I was merrily revising away at the Lollard chapter in Book Two when I stumbled over this pointed commentary in "A Conversation on Books: Historical Tales," The Monthly Packet 31 (March 1881). (Not coincidentally, the author--probably Charlotte Mary Yonge--is Anglo-Catholic; they had no brief for Lollards.)
Spider. There are a great many more tales of Lollards and Wickliffites.
Arachne. Which I don't trust. I don't think the good ladies who write them have much knowledge of what most Lollards really did wish or believe; and there is no good ground for representing them as good evangelical Christians. None of these tales are of any mark, though Miss Holt has taken much pains with the mise en scene of hers. (230)
Probably-Yonge then proceeds to wax scathing about the subject of, er, my book (231-32):
Spider. You like Miss Manning's Household of Sir Thomas More?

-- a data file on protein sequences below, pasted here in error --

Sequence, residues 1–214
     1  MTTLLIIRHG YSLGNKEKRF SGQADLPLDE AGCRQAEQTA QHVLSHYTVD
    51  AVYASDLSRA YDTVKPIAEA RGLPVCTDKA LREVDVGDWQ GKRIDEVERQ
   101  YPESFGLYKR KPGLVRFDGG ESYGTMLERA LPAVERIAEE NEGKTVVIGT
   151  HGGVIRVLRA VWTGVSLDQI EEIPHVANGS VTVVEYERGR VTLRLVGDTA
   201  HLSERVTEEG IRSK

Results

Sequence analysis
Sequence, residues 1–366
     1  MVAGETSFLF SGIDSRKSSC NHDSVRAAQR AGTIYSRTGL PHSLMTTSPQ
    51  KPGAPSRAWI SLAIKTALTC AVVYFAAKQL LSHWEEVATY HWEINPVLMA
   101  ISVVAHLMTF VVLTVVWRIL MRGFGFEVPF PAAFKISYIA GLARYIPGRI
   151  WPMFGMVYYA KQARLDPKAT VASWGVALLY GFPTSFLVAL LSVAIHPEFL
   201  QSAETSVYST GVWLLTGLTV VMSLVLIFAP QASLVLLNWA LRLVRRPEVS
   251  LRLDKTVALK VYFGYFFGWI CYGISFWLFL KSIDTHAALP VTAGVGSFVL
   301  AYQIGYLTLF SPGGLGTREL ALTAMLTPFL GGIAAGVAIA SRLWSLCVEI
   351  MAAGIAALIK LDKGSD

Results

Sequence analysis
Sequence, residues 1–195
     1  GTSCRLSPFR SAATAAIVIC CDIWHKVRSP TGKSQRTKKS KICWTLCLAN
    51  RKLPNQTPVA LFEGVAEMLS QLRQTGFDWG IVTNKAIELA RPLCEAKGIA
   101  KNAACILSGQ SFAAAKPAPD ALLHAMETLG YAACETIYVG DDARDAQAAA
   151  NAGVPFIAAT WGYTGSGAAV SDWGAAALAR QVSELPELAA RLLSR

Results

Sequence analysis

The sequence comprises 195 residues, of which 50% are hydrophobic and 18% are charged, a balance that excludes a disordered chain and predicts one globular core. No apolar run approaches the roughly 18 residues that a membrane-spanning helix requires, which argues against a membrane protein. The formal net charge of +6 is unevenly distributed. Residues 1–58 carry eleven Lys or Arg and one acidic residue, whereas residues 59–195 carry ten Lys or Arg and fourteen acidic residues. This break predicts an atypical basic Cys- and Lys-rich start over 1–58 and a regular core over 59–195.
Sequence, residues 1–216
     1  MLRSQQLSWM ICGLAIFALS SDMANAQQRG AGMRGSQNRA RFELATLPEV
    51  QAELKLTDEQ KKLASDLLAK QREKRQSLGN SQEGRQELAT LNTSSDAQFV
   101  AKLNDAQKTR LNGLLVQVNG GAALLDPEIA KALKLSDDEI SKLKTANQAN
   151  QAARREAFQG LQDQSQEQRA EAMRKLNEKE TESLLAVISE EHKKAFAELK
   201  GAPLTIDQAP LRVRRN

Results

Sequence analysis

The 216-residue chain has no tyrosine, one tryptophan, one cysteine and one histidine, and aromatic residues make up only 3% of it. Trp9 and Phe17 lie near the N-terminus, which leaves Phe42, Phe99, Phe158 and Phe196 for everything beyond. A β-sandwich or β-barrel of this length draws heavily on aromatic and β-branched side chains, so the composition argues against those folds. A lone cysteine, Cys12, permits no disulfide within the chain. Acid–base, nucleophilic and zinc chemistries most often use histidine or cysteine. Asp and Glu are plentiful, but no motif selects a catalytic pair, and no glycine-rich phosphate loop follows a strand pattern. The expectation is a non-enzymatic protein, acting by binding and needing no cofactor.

Arachne. Very much. And it brings us to the whole mass of Reformation stories, which are very seldom successful. Very few people have the power of realising what the opinions on either side were; and they make huge mistakes, which I will not specify, it would be too ungracious. The Schonberg Cotta Diary is one of the best, though Luther is a poor feeble bit of lady's handiwork where he does not speak for himself out of his diary and letters. And Miss Emily Taylor's story, The Knevetts, gives some good pictures of the days of Henry VIII.; but I do not care for Miss Manning's The Fair Gospeller, or any of the others of this era. Foxe and Burnet so falsified history that anything written on their authority is sure to be untrustworthy.
Most of Book Two is spent hanging about with evangelicals (both CofE and Nonconformist), so it's nice to find such a tart assessment from a Higher point of view.